This seems to be the first appearance in connection with the Clarion CC of the word 'meet'. 'Swiftsure' followed this letter with the following plea:-

Might I once more invite all Clarion cycle clubs or cycling Clarionettes to send me any interesting items or news coming under their notice. I desire to make this column as amusing and instructive as other portions of the Clarion, and can only hope to do so by the aid and assistance of its readers.


'Swiftsure' identified this unfortunate mental condition long before most of those Evening Argus correspondents we so enjoy hearing from were even born – or probably their grandparents!

From the Clarion 4 August 1894 'Swiftsure's' Cycling Notes again

Cyclo-phobia is a very prevalent complaint in these trying days; whilst very noticeable in yelping dogs and cap-throwing boys, it reaches its highest development in some magistrates, notably one in Dublin.

Well, at least we don't experience too much trouble from cap-throwing boys on B&H Clarion runs. The bit that followed where 'Swiftsure' turned to the question of 'rules of the road' has perhaps a more definite anticipation of contemporary Brighton and Hove.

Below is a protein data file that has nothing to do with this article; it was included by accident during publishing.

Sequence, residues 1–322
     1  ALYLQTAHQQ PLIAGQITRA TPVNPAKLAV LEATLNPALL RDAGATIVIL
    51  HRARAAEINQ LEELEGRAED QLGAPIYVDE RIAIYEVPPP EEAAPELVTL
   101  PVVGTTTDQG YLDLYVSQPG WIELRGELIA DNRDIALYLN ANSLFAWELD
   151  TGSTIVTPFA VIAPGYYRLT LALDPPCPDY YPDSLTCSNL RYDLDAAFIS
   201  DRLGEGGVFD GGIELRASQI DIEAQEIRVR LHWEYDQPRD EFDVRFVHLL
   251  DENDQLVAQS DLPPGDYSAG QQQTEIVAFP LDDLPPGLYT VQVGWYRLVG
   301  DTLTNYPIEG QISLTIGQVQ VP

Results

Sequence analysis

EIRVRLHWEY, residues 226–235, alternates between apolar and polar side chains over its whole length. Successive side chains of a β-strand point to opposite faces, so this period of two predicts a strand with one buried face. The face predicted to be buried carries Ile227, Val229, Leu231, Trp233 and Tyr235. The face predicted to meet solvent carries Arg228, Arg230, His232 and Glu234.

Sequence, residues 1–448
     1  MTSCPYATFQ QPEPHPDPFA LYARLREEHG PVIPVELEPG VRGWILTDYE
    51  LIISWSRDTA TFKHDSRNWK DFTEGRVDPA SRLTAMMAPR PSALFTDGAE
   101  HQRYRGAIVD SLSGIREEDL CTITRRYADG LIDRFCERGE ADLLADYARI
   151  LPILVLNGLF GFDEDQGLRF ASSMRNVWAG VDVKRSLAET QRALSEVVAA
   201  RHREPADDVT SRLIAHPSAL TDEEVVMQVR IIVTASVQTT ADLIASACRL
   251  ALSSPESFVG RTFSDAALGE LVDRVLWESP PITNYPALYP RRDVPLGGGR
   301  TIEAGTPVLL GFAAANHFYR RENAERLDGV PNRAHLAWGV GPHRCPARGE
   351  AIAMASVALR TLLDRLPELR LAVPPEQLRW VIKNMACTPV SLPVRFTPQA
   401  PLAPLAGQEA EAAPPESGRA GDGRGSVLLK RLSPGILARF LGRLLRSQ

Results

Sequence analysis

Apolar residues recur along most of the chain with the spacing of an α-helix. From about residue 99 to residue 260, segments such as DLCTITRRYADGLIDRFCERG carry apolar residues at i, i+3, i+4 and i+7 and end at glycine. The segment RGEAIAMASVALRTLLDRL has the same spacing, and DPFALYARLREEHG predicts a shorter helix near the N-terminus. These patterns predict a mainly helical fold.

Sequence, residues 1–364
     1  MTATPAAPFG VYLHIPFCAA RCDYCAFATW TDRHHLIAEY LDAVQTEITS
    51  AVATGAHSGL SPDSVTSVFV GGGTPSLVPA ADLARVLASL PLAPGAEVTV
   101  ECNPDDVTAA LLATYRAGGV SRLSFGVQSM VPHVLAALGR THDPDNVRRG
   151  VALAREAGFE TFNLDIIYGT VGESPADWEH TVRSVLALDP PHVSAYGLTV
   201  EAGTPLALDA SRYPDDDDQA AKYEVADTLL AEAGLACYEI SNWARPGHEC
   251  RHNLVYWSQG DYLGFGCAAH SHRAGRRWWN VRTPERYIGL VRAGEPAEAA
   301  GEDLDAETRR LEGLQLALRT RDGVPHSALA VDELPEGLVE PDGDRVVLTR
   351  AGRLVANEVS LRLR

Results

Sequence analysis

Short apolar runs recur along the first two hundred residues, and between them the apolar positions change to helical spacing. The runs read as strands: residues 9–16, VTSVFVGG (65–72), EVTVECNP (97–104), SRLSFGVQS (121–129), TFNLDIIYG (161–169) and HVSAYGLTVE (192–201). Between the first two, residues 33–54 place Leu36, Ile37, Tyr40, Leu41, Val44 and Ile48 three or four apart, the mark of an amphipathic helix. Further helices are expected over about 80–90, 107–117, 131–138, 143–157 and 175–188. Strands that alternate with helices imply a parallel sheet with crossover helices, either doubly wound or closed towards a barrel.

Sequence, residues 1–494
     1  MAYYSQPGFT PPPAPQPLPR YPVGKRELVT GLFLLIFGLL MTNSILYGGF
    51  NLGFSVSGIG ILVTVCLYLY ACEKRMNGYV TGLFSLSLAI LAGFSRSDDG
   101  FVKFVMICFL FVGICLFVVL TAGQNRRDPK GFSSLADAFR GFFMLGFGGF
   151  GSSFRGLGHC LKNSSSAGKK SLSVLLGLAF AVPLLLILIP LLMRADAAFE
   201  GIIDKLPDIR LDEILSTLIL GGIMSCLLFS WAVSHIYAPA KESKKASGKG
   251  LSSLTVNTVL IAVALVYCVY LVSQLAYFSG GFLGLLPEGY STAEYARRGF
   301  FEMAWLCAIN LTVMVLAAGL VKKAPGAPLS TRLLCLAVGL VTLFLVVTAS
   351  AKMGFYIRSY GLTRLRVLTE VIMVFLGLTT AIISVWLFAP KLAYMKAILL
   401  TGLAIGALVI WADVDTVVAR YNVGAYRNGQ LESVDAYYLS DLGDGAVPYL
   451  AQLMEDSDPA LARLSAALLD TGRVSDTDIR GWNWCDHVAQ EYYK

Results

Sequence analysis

If cyclists only observed these rules there would be less reason for the present outcry against them and the risk of an accident to themselves or others would be greatly diminished.

A couple of weeks later, on 18 August, 'Swiftsure' returned to what would become the Easter Meet – with a few modifications.

Cycling 'camps' are all the rage just now. ………..Could not a camp be got up by 'Clarionettes' for next Whit-week in the neighbourhood of Ashbourne?………………..What says Birmingham, Bradford, Manchester and other Clarion CC's?

Next time: badges once more and the Bounder's election as president of B'ham CCC may not be a shoe-in! The Dangle challenge.


Here's another piece about the Clarion some years on. It was written by long-time Clarionette and Labour Party activist (and much else) Walter Southgate. [For more on him see the history page on our website. Obviously written a lot later looking back at the pre-WWI years but Michael Walker who sent it me hasn't given the source and/or date.]

'We were familiar with the countryside, because I can say truthfully that one of the best periods of my life was the days I spent cycling through the Essex countryside before the motor car and lorries came to spoil it all.
In 1910 I had founded the north east London clarion cycling club and when members were too numerous for safety on the road I founded off shoots.
Membership was open to both sexes and we explored the rustic villages and pubs for drinks ands teas, there was plenty of bread and butter, cake, shrimps and lettuce.
We rode two a breast with the Captain at the front and a vice captain at the rear, giving signals to one another by coded whistles.
Our journeys would be accompanied by singing and ringing of bells – it was a real fraternal outing in the fresh air, far from the stinks and grime of East End life'.